Finally, here is my Euridice. Alas, and of course, she is a female, though again in my day… Oh, in my day we did not revere the female voice on public stage. For shame that. My, this Euridice has verve. And just look at the amusing horns and antlers on the heads of all. And how excellently the doe/stag ballet, “Blessed Spirits” matches my music. Blessed flute.
Lindsay Ohse, soprano, played Euridice as a sort of Witherspoonish character out of Legally Blonde. Her singing became steadily stronger as the scene progressed, adding more fullness and vibrancy. One wished for more optics (particularly facial expression) in her portrayal to parallel the beautiful singing in her arias.
Deserving special mention is choreographer Jillian Foley. She created a visual delight with the dancers. How nice to see ballet so prominent in this production, directed by Chas Rader-Shieber, and done in such a way (so very Gluck-like) as to adhere to and advance to the story line.
Why are the trees walking about?
Having the crimson trees being carried about on the stage by choristers as Orfeo and Euridice sing through their arias and duets was distracting. It was the only moment when acting/singing might have prevailed with subtle background motion rather than the feeling that the lovers were on an obstacle course. Was it a metaphor?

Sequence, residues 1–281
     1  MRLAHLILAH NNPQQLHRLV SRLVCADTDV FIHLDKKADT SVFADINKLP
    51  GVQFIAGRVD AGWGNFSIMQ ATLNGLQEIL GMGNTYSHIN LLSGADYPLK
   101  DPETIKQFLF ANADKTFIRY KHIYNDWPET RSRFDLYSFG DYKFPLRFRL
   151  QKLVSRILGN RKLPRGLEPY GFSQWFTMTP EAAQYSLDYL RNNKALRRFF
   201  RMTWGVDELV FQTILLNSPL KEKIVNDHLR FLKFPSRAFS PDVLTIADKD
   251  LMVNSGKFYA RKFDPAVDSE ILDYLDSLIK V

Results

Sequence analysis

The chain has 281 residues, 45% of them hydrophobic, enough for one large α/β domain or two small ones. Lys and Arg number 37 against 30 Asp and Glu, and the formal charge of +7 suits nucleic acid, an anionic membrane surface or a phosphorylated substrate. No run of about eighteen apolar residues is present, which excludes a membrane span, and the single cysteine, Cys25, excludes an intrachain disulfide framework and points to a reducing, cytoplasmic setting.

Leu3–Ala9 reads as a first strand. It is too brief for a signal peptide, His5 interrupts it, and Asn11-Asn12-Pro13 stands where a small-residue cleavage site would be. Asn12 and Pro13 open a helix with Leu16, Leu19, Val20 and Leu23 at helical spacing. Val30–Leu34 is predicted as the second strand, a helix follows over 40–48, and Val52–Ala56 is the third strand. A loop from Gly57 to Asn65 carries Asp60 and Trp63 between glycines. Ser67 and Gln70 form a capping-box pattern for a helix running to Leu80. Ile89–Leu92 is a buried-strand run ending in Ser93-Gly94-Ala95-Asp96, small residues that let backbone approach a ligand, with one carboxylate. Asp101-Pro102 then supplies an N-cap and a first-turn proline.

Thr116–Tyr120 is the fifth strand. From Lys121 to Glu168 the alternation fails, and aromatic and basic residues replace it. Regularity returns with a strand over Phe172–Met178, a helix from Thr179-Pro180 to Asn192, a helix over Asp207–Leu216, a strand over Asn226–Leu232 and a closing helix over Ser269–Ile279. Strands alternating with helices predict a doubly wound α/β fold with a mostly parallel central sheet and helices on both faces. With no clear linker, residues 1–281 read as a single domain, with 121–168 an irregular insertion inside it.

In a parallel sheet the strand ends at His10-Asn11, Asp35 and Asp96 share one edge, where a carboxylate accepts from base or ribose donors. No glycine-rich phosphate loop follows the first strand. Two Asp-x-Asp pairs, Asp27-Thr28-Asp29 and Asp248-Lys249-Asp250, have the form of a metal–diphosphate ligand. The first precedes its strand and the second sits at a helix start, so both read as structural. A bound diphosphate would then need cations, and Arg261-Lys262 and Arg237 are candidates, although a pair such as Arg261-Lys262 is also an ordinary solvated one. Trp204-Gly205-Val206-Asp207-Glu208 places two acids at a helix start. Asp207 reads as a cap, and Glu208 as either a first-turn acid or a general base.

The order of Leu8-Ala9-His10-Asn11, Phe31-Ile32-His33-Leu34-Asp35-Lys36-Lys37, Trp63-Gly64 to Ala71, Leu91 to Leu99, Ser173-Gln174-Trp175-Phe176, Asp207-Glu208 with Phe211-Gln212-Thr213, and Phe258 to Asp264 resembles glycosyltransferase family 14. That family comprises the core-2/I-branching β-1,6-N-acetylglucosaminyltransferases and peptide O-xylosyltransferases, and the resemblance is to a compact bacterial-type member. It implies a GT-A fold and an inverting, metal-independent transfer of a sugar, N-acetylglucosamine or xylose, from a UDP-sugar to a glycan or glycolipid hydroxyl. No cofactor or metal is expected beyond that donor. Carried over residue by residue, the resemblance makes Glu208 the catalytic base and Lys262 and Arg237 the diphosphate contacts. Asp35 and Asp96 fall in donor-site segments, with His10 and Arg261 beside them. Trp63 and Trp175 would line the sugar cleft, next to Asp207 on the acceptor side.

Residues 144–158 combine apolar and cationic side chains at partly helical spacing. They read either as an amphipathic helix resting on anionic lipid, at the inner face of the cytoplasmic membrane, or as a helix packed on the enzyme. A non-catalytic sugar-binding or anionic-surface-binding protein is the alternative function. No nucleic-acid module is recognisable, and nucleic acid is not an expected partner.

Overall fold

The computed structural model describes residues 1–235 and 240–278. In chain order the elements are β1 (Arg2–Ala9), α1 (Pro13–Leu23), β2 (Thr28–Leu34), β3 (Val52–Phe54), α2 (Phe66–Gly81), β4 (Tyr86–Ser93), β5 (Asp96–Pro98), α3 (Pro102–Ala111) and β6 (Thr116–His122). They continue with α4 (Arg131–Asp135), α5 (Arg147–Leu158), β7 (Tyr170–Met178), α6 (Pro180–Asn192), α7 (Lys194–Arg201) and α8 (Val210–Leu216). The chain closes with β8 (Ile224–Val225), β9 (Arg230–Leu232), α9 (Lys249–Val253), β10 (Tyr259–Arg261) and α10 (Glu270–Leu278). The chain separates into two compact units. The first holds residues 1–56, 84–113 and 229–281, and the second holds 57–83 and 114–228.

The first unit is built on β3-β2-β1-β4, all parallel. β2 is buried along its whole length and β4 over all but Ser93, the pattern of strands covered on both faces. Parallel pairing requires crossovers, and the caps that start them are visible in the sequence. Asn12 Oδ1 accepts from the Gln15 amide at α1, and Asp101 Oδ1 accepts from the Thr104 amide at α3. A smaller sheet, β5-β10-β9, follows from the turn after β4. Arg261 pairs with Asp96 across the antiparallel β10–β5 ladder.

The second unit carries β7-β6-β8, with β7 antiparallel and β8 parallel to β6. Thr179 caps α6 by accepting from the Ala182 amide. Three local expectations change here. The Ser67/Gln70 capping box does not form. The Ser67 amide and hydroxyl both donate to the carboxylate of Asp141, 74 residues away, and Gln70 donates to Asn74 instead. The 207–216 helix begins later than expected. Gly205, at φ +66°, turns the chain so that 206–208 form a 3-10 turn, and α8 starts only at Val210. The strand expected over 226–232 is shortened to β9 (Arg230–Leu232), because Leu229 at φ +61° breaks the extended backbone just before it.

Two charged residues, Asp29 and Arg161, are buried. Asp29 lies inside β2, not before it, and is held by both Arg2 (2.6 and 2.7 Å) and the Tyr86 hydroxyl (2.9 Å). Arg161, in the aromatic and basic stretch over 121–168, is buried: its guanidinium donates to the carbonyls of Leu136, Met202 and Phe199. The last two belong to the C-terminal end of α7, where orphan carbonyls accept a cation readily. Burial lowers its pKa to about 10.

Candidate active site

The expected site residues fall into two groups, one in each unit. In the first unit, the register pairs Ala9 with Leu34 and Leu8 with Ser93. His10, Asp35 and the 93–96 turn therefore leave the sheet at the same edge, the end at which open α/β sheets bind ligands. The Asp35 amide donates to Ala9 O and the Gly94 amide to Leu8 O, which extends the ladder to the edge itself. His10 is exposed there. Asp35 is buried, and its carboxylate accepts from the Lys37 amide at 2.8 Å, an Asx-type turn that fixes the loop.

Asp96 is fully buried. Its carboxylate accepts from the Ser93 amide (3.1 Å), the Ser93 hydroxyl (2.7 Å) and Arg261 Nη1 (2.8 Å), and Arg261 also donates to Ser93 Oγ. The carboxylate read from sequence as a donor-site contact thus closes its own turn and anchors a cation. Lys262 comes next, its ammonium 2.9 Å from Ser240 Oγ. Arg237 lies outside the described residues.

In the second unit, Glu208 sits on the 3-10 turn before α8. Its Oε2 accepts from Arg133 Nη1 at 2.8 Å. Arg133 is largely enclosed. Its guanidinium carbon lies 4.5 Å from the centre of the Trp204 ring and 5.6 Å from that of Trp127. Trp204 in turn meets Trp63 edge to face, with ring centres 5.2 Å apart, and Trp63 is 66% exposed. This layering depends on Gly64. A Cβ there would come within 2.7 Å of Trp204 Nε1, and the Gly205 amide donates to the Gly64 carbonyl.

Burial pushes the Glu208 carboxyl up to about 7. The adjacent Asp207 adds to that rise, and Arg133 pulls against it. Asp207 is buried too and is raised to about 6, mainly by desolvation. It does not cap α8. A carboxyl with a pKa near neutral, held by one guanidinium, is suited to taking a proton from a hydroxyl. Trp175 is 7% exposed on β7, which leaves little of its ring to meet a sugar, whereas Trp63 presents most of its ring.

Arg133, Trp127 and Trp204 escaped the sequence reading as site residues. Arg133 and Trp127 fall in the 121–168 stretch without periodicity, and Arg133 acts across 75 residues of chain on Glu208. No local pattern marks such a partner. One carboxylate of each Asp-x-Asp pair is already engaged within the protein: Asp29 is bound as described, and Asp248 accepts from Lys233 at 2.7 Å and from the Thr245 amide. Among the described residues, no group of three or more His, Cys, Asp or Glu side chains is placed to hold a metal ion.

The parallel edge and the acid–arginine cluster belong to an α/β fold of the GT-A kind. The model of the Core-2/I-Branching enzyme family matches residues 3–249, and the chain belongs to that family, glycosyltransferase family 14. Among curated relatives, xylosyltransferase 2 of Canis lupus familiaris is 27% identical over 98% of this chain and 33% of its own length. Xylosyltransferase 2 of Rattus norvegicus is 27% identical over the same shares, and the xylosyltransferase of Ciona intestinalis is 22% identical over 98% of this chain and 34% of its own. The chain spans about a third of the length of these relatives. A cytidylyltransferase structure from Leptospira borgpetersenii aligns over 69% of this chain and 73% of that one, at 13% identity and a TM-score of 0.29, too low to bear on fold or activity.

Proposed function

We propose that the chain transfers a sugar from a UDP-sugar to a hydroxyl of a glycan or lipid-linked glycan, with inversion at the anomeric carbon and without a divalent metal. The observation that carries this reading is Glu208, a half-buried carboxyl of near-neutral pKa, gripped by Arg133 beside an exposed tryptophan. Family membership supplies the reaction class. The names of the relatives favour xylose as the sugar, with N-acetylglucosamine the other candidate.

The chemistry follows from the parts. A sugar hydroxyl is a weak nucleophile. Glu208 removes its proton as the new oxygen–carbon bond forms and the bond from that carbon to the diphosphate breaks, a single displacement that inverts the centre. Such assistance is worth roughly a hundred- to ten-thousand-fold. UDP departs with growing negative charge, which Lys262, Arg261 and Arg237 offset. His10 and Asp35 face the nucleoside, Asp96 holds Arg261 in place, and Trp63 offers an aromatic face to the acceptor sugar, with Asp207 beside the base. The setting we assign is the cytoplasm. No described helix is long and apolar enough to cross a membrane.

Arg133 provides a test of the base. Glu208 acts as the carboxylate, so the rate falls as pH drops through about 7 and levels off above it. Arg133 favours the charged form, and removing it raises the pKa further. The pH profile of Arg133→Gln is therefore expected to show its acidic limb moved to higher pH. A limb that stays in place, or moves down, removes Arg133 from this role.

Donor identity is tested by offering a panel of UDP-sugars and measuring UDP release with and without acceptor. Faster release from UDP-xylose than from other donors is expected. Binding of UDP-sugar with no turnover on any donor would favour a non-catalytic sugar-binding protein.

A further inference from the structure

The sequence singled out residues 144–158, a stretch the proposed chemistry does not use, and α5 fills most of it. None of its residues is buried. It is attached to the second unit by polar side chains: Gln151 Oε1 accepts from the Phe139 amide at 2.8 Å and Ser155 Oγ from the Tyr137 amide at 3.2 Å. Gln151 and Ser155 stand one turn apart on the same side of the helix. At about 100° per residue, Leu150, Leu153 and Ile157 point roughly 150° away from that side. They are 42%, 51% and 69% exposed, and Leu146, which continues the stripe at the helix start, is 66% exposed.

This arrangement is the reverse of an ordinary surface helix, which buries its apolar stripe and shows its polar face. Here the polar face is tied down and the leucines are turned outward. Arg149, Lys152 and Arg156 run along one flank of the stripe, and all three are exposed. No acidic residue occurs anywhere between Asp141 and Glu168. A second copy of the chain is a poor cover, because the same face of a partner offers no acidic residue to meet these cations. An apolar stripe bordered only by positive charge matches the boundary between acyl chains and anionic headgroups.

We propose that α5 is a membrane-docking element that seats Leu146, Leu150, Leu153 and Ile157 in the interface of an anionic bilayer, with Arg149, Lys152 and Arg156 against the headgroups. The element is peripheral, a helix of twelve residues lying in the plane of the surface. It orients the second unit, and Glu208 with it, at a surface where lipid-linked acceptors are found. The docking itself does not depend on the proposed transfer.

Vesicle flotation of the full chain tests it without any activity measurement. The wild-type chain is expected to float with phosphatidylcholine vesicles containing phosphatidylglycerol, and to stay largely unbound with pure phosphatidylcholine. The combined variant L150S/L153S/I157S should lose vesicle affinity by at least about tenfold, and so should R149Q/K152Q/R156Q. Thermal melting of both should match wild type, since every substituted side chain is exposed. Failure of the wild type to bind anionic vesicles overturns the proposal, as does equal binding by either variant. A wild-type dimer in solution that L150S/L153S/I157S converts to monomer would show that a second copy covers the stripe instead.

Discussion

Word did reach me over the centuries that the “Che faro senza Euridice”/”What shall I do without Euridice” aria has become a iconic vocal favorite. I am pleased at that and at the rendering on this Portland stage by Ms. Eddy. The understated compassion, a pure and authentic rendering was my desire and it was fulfilled.
No, Orfeo could not resist looking into Euridice’s eyes. She expires at his feet, he sings. But the “Che faro” stirs Amor, who makes all well and (in a departure from the original myth) the reunited lovers are returned to the earthly world.
I can see that my efforts were not in vain. My Orfeo at least lives on. My intention to bring color back to the operatic stage seemed to work out well for future generations. I can return to my eternal rest, my Elysium, with a full heart.
Portland Opera provided great music and stagecraft this year. Faustian tales, fairy tales. How could they go Gluck-en free in this season of great classic stories brought to the operatic stage? Orfeo: an opera beginning, brings here an ending. Now through the looking “Glass” and more for next year’s Portland Opera season.
Conductor and educator Bruce Browne is Professor Emeritus at Portland State University and former conductor of Portland Symphonic Choir and Choral Cross Ties. Daryl Browne is a musician, teacher and writer.
Want to read more about Oregon music and theater? Support Oregon ArtsWatch!